Why do media portrayals of disability always have such a terrible ring of finality about them? Sinead O’Donnell picks up on some recent heavy handed stereotyping and looks at the damage done.
Nell McCafferty featured on the March 29th broadcast of The Saturday Night show. While discussing her 70th birthday, she commented as follows:
“What I dread is some ghastly disease, or something that will leave me disabled or dependent”, then going on to add that if she were to become such she would be “ looking for one (disease/disability) that will allow me to get on the plane to Switzerland and take the pill to kill myself”.
In a televised 2010 Road Safety Authority awareness campaign, Doctor Aine Carroll begins the piece by saying:
“As human beings we think that the worst possible outcome is death, as one mother said to me there are worse things than dying, and I had to agree with her.”
The opening shot alongside this narration was of a wheelchair, captioned ‘There’s before and there’s after but there’s no turning back’, followed by a lingering shot of prosthetic limbs. Despite the need for these advertisements to be hard hitting, the association of disability with a fate worse than death is far too commonplace.
I am someone who could be considered, as Nell put it “disabled and dependent.” I have been so since birth.
While acknowledging everyone’s right to their own opinion and life choices (including the right to die), and the absolute necessity to increase awareness concerning road safety, statements such as those above and the association made between disability and an fulfilling life is hurtful and unhelpful.
As a teenager I was deeply disturbed by an advertisement depicting a man with a disability bouncing a basketball repetitively as if it was all he was left capable of due to “ending up in a chair.”
The notion of being a victim of such a destiny, coupled with images portraying the utter futility, finality and the fatality of disablement can only have a negative effect on the mind of any young person with a disability.
I am not arguing that public service announcements dealing with road safety can’t be hard-hitting. However, the reinforcement of disability and traumatic, life-changing events with utter dejection, death and disaster must stop.
Many people have a disability from birth – not as a result of some catastrophic event later in life. These people, with the correct surroundings and supports, can engage in as active a life as they choose.
Negative attitudes in the media do little to dispel preconceived notions in wider society about the limitations placed on one’s life by the presence of a disability.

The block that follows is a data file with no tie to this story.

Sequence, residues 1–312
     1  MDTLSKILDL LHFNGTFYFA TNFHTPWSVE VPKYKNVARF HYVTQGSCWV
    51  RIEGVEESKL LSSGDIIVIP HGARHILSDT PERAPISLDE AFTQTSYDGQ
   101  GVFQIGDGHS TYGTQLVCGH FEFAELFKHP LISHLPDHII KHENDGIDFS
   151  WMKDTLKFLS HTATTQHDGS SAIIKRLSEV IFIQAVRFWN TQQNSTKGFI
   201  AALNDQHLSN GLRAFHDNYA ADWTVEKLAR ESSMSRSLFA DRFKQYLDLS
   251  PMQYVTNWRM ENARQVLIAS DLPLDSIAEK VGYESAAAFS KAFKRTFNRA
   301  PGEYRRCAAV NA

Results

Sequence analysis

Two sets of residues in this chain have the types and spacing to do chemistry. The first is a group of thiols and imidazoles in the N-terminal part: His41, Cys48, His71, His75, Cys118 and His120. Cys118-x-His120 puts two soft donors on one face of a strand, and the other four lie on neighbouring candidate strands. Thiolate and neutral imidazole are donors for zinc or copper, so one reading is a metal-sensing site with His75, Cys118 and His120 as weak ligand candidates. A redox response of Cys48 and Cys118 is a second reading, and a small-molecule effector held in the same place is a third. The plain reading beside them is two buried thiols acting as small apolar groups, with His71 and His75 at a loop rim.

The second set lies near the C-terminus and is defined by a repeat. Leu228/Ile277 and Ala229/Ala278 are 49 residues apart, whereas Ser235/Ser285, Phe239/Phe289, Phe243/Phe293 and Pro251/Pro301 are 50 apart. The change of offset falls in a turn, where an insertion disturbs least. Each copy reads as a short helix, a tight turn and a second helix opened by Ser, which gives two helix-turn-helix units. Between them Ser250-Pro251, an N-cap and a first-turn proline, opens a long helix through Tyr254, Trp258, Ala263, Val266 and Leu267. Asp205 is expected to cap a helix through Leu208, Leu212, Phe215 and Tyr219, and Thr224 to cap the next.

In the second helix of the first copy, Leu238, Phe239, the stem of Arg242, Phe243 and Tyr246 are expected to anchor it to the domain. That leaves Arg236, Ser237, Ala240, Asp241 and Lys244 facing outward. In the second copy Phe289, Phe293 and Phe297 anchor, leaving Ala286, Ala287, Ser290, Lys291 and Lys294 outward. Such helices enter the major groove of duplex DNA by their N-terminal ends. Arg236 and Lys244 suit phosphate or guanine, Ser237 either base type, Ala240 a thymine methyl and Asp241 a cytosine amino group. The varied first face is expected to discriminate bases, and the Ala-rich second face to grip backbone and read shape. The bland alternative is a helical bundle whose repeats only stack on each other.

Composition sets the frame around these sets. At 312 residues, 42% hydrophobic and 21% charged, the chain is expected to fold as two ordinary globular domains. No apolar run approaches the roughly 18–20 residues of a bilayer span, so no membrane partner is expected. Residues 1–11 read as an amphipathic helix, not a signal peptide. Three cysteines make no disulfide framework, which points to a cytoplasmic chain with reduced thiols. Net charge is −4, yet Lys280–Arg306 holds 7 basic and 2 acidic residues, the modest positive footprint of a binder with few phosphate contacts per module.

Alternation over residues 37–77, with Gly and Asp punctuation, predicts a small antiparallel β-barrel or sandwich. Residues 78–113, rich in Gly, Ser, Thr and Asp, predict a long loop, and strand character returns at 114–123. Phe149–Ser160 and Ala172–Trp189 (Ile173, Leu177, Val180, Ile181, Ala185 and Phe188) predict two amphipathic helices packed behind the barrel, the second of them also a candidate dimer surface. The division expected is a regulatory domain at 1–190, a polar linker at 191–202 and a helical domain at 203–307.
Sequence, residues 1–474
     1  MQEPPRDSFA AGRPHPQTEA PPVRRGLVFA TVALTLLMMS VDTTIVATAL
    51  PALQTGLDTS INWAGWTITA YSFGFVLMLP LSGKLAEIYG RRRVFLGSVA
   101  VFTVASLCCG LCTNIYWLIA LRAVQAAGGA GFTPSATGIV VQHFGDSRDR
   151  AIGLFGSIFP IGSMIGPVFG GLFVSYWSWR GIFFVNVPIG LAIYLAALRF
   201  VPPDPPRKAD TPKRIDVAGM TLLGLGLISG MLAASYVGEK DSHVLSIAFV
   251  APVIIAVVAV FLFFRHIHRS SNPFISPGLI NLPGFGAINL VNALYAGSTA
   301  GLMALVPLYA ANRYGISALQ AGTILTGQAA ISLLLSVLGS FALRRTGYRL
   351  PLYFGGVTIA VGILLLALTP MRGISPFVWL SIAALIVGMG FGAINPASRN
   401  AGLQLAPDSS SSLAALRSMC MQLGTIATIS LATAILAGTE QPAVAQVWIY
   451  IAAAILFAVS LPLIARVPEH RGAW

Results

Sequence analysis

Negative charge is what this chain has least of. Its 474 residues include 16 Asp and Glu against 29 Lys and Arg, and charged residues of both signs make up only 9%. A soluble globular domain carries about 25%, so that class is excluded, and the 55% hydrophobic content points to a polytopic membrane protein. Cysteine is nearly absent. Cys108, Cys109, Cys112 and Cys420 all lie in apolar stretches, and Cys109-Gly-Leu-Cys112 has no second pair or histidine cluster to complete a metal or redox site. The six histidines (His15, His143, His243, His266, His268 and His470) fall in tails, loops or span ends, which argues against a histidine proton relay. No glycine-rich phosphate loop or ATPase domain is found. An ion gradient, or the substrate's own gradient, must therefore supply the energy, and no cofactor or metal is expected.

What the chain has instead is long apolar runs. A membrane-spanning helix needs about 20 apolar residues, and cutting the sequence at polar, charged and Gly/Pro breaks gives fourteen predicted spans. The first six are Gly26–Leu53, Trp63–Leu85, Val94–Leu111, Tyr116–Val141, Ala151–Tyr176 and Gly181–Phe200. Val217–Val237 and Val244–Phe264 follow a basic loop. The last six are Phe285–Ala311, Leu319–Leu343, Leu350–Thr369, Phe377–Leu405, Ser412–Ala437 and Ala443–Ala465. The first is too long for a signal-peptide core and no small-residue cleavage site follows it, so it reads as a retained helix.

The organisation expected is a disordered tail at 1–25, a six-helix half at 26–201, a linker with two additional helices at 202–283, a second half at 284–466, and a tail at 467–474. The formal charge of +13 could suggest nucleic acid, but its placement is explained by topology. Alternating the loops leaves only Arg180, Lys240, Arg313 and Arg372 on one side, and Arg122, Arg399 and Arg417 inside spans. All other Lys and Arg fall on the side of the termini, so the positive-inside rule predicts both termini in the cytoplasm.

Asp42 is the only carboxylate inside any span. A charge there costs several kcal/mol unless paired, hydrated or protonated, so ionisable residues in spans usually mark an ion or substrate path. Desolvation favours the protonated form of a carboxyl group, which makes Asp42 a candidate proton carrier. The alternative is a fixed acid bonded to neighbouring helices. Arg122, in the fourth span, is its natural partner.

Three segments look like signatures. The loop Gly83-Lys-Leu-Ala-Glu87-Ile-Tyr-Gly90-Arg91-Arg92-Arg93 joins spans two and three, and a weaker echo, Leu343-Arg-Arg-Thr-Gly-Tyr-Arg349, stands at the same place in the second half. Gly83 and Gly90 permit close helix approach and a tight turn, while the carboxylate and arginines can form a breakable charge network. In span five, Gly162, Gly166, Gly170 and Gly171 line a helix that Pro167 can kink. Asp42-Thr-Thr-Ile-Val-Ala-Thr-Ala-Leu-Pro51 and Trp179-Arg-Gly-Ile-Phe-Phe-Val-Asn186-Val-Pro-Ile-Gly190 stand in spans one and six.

It also reinforces the medicalised view of disability as merely a condition or deficiency, as opposed to a social definition encompassing not only the condition but also the disabling effect of one’s environment.
Dealing with a high dependency disability is often hard for everyone concerned: you just try and maintain a forward focus and keep one’s emotional state as balanced as possible. A lack of visibility within the community does not assist the cause of disability normalization.
Negative media portrayals do little to change this tide. One cannot deny the insufferable hardships endured following a grievous accident or sickness, and acquiring a disability may be a major factor.
Instruments such as integrated mainstream schooling, independent living and comprehensive personal assistance should not be rolled back upon. Positive imagery in the media can greatly help this process.
RTE’s recent Somebody To Love was a good example of this, providing a platform for the exposure and promotion of the possibilities of living life to the full regardless of traditional barriers.
A recent Guinness advertisement featured a group of wheelchair basketballers who eventually emerge as being “able-bodied”, but choosing to play with their wheelchair-bound friend. An individual may have been the victim of some calamitous misfortune, but that does not mean his life is over.
Disability may change the playing field, but it certainly does not indicate the final whistle.
Sinead O’Donnell is a Phd Researcher at the Centre for Disability Law and Policy. She has Cerebral Palsy since birth and is an outspoken proponent of the right to Independent Living and self determination.